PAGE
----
Featured Research

from universities, journals, and other organizations

Prostate Cancer Increases The Risk Of Bone Fracture, Study Shows

Date:
May 16, 2008
Source:
Garvan Institute for Medical Research
Summary:
As unlikely as it sounds, scientists have shown that there is a link between prostate cancer and a higher risk of bone fracture. Men with prostate cancer face a 50% higher risk of fracture, which increases to nearly doubled risk if they are receiving treatment.

As unlikely as it sounds, scientists at the Garvan Institute for Medical Research have shown that there is a link between prostate cancer and a higher risk of bone fracture.

Related Articles


Analysis of data from Garvan's Dubbo Osteoporosis Epidemiology Study suggests that men with prostate cancer face a 50% higher risk of fracture, which increases to nearly doubled risk if they are receiving treatment.

"This is a controversial area which has been under discussion for at least three years," said Garvan's Associate Professor Tuan Nguyen, who initiated the study after hearing speculation on the concept. "It has taken us about two years to assemble and analyse the data. The results suggest a link between the two diseases, although we still don't understand the mechanisms."

Professor Nguyen and his colleagues have studied 822 men from Dubbo for nearly 20 years. These men were all aged 60 or over in 1989 when the study began. Of the 822 men, 43 subsequently developed prostate cancer. Twenty-two of the men received ADT (androgen deprivation therapy) and 21 did not. Compared to the men without prostate cancer, those with the disease showed a 50% increase in the risk of fracture. For those being treated with ADT, the risk increased approximately twofold.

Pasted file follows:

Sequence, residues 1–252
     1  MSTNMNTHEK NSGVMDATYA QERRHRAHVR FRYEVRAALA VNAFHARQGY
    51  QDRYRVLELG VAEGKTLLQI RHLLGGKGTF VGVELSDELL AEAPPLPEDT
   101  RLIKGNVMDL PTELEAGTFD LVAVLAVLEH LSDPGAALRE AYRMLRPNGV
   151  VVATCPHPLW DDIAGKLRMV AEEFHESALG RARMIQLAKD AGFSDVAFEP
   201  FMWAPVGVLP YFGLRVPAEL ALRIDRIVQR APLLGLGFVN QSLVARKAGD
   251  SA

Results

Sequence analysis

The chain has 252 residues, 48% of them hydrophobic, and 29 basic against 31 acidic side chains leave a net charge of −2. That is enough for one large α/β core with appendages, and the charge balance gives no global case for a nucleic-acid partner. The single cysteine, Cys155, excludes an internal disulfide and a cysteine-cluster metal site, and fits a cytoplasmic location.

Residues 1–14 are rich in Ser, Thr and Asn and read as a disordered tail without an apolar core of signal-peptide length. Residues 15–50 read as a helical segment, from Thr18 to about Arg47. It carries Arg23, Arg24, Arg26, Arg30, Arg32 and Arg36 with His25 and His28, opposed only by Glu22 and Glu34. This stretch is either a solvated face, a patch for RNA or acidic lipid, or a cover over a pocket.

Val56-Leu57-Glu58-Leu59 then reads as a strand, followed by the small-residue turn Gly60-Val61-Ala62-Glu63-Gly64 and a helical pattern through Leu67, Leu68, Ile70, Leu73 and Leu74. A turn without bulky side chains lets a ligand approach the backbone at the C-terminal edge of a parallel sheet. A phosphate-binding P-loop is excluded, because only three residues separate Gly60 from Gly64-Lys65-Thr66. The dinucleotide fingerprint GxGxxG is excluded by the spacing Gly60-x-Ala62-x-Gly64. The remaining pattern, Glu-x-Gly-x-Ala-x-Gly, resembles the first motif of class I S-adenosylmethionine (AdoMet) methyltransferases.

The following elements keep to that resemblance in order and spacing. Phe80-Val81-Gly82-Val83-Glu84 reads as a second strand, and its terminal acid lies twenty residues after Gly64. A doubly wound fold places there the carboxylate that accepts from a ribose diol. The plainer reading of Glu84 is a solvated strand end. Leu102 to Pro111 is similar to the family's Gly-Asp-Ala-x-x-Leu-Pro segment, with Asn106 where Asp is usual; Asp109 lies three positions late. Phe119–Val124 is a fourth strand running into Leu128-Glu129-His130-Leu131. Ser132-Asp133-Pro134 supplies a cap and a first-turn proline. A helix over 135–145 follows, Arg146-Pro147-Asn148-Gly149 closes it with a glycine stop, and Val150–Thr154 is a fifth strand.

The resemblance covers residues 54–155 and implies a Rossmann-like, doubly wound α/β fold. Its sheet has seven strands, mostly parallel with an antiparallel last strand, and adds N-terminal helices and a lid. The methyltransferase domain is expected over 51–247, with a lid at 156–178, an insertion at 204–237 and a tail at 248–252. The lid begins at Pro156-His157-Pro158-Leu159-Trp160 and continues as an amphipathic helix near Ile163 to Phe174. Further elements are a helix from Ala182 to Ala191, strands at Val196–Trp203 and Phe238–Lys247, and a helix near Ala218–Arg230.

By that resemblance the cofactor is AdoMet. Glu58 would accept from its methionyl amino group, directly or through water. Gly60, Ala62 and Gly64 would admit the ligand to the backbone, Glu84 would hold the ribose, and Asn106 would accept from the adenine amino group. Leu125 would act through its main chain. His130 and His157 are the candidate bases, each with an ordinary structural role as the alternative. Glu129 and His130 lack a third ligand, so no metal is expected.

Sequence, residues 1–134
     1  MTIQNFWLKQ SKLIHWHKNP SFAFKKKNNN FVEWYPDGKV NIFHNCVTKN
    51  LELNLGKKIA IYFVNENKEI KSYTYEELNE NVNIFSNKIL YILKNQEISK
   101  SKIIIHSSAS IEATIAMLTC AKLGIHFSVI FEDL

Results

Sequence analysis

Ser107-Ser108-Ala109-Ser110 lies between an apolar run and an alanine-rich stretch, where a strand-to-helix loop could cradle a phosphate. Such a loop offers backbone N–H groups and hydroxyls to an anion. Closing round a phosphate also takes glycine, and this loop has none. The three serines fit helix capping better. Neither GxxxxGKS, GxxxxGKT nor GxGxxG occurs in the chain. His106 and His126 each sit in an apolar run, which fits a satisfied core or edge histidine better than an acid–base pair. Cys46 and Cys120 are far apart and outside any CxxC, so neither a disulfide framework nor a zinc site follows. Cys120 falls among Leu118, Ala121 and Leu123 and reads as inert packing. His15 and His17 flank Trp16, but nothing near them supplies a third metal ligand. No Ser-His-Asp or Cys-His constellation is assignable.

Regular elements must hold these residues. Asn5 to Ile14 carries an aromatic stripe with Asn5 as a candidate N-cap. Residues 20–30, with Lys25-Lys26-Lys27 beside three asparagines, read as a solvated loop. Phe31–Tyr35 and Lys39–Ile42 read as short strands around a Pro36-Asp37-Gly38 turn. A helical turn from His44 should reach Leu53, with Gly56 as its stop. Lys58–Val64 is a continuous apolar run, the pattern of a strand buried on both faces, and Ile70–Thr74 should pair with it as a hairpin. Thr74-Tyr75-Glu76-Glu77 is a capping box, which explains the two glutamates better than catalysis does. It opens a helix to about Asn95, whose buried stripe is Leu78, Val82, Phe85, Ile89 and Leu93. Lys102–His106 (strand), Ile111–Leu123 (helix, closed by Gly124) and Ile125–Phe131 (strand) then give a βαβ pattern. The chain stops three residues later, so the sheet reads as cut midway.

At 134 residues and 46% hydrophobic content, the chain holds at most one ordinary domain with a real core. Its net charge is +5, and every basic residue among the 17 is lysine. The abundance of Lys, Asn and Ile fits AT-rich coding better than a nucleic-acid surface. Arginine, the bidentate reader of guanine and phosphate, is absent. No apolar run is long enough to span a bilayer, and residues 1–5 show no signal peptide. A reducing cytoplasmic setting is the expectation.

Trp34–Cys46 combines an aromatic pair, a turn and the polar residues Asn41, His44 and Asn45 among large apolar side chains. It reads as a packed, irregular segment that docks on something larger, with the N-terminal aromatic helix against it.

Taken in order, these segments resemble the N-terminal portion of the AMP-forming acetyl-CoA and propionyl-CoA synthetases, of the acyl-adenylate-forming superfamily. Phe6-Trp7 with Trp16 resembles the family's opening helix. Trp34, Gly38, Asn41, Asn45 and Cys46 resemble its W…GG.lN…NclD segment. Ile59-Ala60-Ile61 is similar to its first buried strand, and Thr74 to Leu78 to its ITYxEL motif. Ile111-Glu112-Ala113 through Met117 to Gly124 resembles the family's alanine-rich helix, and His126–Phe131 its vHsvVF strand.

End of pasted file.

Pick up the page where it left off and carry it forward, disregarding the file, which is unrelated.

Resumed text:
"The results have important implications in practice for several reasons," said Nguyen. "First, most of the men who developed prostate cancer started out with a higher BMD (bone mineral density) than average. Second, developing prostate cancer clearly increased their risk of fracture. Third, ADT treatment doubled their risk of fracture."

"There are factors at play that we do not yet understand. Obviously the higher BMD of the men with prostate cancer did not protect them against fracture. Exactly what mechanisms are at work are unclear."

"Osteoporosis in men often remains untreated, even after a fracture. It is highly unlikely, therefore, that any of the men at higher risk will be receiving anti-fracture therapy."

"The clear message that comes out of this study is that men with prostate cancer should consider seeking evaluation for osteoporosis, particularly if they are being treated with ADT."

"More and more we are seeing ways in which diseases are connected. You can't isolate osteoporosis from cancer from diabetes and so on. In treating one disease, we must be careful not to increase the risk of another. As we understand these connections, we learn how better to treat the whole person."

The results have just been published online in the journal Bone.


Story Source:

The above story is based on materials provided by Garvan Institute for Medical Research. Note: Materials may be edited for content and length.


Cite This Page: